• Hi Kevin! Thanks for the comment. That’s a great question. 🙂 If I’m not mistaken, the two numbers even come from the same research study! Go figure. 🙂 The study was mentioned by Jeff Bullas, and his takeaway from the numbers were that posts of 80 characters in length had higher engagement than longer posts. The specifics of the study pointed to 40-character-or-less posts being the ones with the highest engagement, although these made up a very small portion of the updates in the study. So I think it might be a matter of interpretation? 80 characters is probably the safest point at which to say you can expect higher engagement. 40 characters has the numbers to back up its claim, too, just maybe not the volume of data behind it.

      Hope this helps clarify things a bit!

      • benjamteal

        The infographic actually says 80 WORDS, not 80 characters. There’s is a very wide gulf between 80 words and 40 characters, and would be considered a fairly long post to Kevin’s point. That’s exactly twice as long as this comment.

      • Thanks, Kevan!


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  • Hans Lak

    Hey Kevan thank you! so basicly we should post like we are using Twitter? LOL !
    My best picture had more than 600.000 likes…my best video has been shared 240.000 times….on Facebook its all about the CONTENT! Content is king!
    The right content at the right moment…. and the right people in your community the people who love to SHARE…..

    • Hi Hans! Thanks for the comment! Yes, it does feel a little like Twitter, doesn’t it? 🙂 Great to hear your take on the role of content in successful FB posts. Thanks!

  • Awesome article, Kevan with great insight! I’d definitely be interested to try shorter posts. Is there any data to support how effective hashtags are on Facebook as well? I always bounce between using them and not using them to see if there’s a difference, and if it warrants their usage on FB.

    On my personal page – I also find it interesting that when I make a post PUBLIC it gets LESS traction than if it were for “just friends” which always trips me up.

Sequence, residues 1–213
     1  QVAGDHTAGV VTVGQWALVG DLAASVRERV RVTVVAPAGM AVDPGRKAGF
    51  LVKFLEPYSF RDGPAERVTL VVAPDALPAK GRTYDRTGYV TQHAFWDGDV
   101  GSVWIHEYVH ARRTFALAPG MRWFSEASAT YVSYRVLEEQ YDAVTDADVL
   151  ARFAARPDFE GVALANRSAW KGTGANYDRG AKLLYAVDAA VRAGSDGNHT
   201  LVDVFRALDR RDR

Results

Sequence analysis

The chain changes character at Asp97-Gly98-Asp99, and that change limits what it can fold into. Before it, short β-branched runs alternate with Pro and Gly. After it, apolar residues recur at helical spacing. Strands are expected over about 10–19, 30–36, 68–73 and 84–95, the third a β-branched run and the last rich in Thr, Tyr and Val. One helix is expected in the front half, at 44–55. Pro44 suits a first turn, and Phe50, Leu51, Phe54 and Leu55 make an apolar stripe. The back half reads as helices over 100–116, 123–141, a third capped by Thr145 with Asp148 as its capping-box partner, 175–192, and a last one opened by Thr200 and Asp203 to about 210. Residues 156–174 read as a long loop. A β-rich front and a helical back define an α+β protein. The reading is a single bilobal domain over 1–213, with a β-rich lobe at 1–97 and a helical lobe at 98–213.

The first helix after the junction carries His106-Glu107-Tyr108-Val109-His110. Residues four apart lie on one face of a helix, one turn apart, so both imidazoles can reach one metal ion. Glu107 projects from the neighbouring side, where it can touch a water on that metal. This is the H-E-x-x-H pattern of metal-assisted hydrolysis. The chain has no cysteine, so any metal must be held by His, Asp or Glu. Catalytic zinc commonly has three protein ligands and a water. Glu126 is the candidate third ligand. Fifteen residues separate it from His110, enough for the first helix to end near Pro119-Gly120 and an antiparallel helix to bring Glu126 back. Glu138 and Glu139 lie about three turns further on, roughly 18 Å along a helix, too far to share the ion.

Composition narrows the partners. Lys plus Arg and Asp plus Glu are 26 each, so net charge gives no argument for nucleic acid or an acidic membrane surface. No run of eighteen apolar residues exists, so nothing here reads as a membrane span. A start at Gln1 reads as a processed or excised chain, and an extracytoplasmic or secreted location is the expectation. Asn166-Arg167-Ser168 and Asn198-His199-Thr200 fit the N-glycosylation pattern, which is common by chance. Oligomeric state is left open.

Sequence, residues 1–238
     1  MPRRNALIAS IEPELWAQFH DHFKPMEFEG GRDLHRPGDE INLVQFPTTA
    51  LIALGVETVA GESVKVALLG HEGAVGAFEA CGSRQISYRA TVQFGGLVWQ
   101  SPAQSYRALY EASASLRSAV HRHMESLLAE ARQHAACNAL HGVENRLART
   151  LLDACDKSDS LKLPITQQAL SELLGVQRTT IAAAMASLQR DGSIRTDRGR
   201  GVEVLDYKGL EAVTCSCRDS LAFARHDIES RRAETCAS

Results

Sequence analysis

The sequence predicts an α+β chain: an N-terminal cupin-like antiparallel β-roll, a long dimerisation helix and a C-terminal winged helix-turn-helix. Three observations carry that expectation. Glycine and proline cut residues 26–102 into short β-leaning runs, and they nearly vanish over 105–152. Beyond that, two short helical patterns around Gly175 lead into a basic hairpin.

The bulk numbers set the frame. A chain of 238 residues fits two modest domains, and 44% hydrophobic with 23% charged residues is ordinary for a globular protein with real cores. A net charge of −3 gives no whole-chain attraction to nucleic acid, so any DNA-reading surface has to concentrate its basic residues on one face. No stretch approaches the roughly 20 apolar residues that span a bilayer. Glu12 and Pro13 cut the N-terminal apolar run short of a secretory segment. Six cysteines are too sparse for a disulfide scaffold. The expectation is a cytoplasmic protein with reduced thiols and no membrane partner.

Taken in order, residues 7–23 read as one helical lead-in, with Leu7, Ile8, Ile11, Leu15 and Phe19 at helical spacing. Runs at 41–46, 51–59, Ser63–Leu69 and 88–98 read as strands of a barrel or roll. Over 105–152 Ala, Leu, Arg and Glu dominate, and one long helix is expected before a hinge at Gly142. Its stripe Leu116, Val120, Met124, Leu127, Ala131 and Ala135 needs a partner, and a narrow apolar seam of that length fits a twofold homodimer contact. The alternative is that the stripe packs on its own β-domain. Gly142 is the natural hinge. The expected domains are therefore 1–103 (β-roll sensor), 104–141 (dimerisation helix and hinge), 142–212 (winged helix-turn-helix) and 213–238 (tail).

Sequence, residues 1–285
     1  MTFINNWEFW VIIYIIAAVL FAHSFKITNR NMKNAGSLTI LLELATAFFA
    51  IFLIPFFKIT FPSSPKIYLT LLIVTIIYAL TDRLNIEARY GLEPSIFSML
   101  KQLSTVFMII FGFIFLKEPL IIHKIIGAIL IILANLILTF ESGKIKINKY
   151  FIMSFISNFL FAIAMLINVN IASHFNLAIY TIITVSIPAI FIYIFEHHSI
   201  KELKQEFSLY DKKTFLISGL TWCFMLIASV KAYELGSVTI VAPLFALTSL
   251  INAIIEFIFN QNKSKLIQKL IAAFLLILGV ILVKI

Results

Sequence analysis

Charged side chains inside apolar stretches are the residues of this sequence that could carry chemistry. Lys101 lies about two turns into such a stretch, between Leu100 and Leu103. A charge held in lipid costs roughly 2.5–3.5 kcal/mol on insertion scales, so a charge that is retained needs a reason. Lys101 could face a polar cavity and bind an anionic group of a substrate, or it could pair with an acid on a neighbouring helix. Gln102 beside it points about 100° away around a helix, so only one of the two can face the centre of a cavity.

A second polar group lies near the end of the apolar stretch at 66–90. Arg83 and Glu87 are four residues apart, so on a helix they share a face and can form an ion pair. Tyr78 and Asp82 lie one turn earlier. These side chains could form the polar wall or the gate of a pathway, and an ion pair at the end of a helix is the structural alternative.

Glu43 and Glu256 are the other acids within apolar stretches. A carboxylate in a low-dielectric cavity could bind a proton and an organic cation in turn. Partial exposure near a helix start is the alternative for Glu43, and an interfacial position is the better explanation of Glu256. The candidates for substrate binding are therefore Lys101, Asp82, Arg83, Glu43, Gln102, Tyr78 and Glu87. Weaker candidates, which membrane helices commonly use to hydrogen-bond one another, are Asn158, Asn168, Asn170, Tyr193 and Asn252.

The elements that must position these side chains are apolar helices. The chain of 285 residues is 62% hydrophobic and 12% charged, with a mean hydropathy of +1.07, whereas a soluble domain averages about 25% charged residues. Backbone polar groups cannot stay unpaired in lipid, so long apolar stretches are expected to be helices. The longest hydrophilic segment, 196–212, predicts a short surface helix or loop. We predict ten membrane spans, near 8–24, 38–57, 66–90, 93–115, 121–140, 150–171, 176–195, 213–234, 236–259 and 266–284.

• Hi Casie! Thanks for the comment! That’s a great question. I think from the research I’ve seen that it seems hashtags don’t have a big effect on Facebook reach. Some reports even say they can hurt reach. Here’s a link to some of the research I’ve found:

      We’ve used hashtags in some of our FB posts, placing them at the very end, kind of like what you might see on Google+. Often, this part of the FB update gets truncated when in the News Feed, so you get the benefit of classifying your post with hashtags without any effects of turning people away with too much hashtag use. Just a theory we’re working on anyway. Would love to hear your experience with it!

  • Kevan, do you have experience with big and useful posts, not «links with 40 symbols description»?

    • Hi Arseniy! Thanks for the comment. We’ve experimented with many different styles on the Buffer blog. Probably the ones that most align with “big and useful” would be the ones where we write a headline, full URL, teaser, and hashtags. I know others like Mari Smith tend to write longer as well. In my experience, these posts have not outperformed any other type of post on a consistent basis, so we’ve moved on to some other tests. Could very well be our audience, though!

      • Thanks, Kevan!

        But I mean some another thing… I mean really big and almost full publications right on facebook. Like text of this article from «You post to your Facebook page, hoping you’ve hit upon something that works.» to «2. A perfect Facebook post is short, as little 40 characters if at all possible» with something like «Read full article please if you interested:» after. Or maybe post with bigger part of article. (With or without picture.)

        Example you attached looks like variegated a little, these post doesn’t look like single, unified. No focus to main imho.

        P.S. I need more experience with English language to write more accurately 🙂

  • Arvindra Singh Kanwal

    Kevan for me Links are working out the worst and Video and Status shares the best .I have a page with 1700 Likes .If you have the time check and I am attaching a snapshot of my insights here .Love to know what I am missing and why Links are not doing the trick

    • Thanks, Arvindra! I appreciate the insight here. Seems like video and statuses are a great option for your audience. It could be that these will be the best, regardless of the best practice to share a link. Browsing through your page, I noticed a few link posts that looked really well-formatted and sharp. You compose updates really well – I think if you carried some of the composition from photo/video posts over to the link posts, you could have some neat experiments to try. Hope this helps!